Such was the case for Ward 3 Councilwoman Kathleen Dunbar, a Republican, who was forced to play a Back to Basics card to offset action by city administration.

After mounting a successful campaign to rid some Ward 3 neighborhoods--Balboa Heights, Ocotillo and Miracle Manor--of dopers, whores and their trade, Ward 3 saw its effective tool--police bike patrols--moved to downtown last year.

The move was instigated by Walkup to make a show of more coverage for Rio Nuevo, the still-dormant downtown revitalization project.

Dunbar protested the shift, and this year tapped Back to Basics money to supplement police budgets for the bike patrol. Dunbar put $50,000 of Back to Basics cash into bike equipment and uniforms.

"This accomplished that goal," said Belinda Fleming, a Dunbar aide who spoke for the vacationing councilwoman.

But even despite the best efforts and intentions of the elected officials, Back to Basics grants have occasionally caused unforeseen problems. For example, Councilwoman Carol West inherited a project from fellow Democrat Janet Marcus in the Vista del Sahuaro neighborhood in Ward 2 that was designed to clamp down on unruly traffic. The project, particularly an unsightly and oversized median, caused a border war with an adjoining neighborhood.


DOWNTOWN HAS BEEN the focus for Back to Basics for Walkup and, for a time, Republican Councilman Fred Ronstadt. Walkup has put 90 percent of his share downtown. In session and in the community, Walkup has consistently reasoned that he puts his share of Back to Basics money downtown because it transcends wards.

Leal has been advocate for downtown, particularly the Arts District, while on the council and before. Still, he said, that money can't be blindly diverted downtown from the wards.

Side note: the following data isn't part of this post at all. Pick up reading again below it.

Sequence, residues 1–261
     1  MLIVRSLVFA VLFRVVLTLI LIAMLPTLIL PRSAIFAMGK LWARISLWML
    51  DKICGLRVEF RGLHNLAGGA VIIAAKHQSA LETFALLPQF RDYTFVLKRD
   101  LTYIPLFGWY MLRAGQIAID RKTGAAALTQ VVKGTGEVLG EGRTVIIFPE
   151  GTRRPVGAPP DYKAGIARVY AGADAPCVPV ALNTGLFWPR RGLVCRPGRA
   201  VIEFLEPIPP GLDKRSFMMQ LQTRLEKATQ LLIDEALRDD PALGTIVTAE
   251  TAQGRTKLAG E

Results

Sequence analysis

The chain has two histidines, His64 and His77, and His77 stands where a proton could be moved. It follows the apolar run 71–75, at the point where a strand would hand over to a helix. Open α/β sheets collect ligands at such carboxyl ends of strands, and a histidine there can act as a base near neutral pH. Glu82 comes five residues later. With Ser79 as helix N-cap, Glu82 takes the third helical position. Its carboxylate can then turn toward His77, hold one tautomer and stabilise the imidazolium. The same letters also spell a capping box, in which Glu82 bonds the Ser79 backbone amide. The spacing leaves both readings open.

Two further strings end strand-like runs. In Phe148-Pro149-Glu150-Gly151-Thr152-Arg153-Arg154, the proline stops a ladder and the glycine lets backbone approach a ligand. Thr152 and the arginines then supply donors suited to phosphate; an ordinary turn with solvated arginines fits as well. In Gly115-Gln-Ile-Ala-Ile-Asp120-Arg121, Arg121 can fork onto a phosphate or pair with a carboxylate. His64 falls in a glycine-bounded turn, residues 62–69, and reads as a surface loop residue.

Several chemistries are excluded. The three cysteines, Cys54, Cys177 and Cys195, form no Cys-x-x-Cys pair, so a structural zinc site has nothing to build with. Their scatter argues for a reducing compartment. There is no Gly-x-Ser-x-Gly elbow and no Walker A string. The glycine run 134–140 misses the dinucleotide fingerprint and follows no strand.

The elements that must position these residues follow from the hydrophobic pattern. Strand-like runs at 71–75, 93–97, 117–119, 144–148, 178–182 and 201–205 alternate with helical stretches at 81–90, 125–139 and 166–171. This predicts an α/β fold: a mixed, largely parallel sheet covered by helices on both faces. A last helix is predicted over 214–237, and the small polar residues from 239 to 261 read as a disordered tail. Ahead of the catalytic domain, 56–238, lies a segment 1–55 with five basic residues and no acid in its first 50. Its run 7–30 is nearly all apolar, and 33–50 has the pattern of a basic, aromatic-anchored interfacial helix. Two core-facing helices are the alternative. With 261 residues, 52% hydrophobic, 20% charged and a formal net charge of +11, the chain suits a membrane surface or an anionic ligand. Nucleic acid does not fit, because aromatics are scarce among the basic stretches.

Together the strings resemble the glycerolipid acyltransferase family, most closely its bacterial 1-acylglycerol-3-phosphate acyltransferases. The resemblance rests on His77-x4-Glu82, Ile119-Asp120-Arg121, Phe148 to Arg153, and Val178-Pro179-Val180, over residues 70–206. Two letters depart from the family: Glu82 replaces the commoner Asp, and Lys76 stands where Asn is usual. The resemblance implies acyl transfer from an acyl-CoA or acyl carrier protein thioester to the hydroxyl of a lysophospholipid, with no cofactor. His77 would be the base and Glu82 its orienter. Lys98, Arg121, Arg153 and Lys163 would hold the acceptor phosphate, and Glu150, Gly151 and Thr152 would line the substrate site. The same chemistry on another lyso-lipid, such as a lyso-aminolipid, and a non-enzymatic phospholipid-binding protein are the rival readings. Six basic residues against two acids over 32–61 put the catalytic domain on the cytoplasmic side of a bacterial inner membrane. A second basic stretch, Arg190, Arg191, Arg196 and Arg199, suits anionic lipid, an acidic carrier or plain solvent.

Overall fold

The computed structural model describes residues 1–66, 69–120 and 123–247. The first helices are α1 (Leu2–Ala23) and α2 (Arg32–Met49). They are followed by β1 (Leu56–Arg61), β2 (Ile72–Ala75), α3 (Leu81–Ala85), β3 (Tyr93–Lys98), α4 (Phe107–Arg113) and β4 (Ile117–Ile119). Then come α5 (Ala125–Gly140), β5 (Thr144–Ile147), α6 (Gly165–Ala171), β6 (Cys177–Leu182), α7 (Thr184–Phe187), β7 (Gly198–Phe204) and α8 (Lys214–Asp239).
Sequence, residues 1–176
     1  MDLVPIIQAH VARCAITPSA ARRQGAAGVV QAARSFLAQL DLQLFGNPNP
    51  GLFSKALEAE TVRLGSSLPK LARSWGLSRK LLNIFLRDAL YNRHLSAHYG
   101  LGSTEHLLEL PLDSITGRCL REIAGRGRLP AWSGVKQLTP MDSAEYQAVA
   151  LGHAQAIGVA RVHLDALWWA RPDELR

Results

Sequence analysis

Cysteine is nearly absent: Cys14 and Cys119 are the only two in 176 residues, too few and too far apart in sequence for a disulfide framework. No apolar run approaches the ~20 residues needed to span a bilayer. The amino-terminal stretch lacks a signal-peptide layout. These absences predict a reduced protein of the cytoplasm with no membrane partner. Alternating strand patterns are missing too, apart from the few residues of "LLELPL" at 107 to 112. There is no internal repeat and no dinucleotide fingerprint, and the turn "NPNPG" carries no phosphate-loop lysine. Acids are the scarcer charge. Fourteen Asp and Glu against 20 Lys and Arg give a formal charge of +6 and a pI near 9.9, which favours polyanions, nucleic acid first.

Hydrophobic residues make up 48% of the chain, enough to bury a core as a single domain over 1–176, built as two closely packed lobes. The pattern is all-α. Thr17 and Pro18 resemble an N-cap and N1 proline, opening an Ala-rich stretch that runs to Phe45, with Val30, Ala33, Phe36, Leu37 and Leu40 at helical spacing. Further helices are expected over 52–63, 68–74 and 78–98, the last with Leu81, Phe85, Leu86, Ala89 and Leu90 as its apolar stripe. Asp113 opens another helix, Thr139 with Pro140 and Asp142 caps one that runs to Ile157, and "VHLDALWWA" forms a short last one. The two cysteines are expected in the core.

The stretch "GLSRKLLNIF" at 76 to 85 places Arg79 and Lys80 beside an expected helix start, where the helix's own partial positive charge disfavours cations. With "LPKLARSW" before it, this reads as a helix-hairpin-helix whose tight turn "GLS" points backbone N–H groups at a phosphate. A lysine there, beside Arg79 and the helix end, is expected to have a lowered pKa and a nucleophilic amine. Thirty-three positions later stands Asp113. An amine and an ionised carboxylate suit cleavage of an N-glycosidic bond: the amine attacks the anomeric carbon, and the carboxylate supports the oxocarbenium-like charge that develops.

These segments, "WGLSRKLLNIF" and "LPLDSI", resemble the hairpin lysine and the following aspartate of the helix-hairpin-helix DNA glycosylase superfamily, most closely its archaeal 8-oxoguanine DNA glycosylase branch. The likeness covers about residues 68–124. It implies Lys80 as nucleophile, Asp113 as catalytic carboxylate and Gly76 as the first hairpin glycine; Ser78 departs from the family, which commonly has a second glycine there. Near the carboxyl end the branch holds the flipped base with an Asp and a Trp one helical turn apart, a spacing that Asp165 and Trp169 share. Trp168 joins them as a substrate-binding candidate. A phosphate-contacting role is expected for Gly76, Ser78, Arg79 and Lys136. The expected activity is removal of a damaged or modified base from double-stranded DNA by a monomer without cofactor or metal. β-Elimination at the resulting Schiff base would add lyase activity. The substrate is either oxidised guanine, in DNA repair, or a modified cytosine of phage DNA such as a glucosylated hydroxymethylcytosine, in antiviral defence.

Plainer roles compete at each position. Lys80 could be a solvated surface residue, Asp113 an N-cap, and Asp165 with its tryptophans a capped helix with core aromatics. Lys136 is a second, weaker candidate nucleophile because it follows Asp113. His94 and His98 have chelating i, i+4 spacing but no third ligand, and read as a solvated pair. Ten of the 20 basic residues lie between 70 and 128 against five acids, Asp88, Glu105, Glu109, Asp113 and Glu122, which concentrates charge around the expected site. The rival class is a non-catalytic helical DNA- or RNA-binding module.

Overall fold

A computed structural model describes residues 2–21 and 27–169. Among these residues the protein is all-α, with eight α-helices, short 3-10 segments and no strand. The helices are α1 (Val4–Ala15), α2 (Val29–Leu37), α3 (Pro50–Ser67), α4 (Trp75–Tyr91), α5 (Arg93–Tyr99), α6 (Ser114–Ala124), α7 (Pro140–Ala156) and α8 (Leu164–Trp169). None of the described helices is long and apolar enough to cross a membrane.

"We were all assured that we won't drain services or resources, including Back to Basics, to hasten Rio Nuevo," Leal said.

In elected office for the first time and now trying to fend off a challenge from Tom Volgy, the Democratic mayor from 1987 through 1991, Walkup has been refreshingly nonpartisan in his allocations.

One grant that stands out is the $70,000 in Back to Basics money that went to fancy up the façade of the International Order of Odd Fellows Hall at 135 S. Sixth Ave. The building, which houses Etherton Gallery, Barrio Grill and the photo studios of Tim Fuller, is owned by a partnership that Fuller and his wife Robin Hiller have with sculptor Barbara Grygutis and her husband Larry Evers, head of English at the University of Arizona.

Hiller worked for Walkup's 1999 rival, former two-term Democratic Councilwoman Molly McKasson. Fuller shot all the important McKasson photos. Walkup didn't hold that against the Odd Fellows facelift, nor could he expect to make political conversions.

There are longtime downtowners on the Back to Basics list. Johnny Gibson, the strongman/bodybuilder/barber, and his family landed a $60,000 Back to Basics grant that will help transform the Gibson property from 11 S. Sixth to 33 S. Sixth St. into a pedestrian-styled mall.

Recipients also include Doug Biggers. A downtown promoter as the co-founder of the Tucson Weekly, he became a player with a chunk of the proceeds he took from the sale of The Weekly more than three years ago. The Rialto Block cost $800,000, according to county real estate records.

Biggers, also a staunch McKasson promoter, scored a $150,000 Back to Basics grant--one of the largest--for the Rialto Block Historic Preservation Project in the 300 block of East Congress Street.

But there's a problem: Some take the government Back to Basics money while their property taxes go unpaid.

Biggers owed $8,226 in property taxes and interest for the Rialto Block. The taxes became delinquent on May 1, according to records in the county Treasurer's Office.

New delinquent notices were to be sent early this week, just in time for Biggers to receive when he returned from vacation in California.

"We talked with Doug, and he says the taxes have been paid," Walkup said on July 25.

He hadn't paid.

Biggers said, also on July 25, that after making his investment in downtown and pledging a match to the Back to Basics grant, the delinquent tax was an issue that did not belong in The Weekly.

"I don't think it's germane. I'm six weeks behind," Biggers said. "I've been out of town for three of those weeks; my property on Mount Lemmon burned; and it will be paid by the time this story comes out. I forgot to pay them. I'll take care of it. If you think it's important, knock yourself out."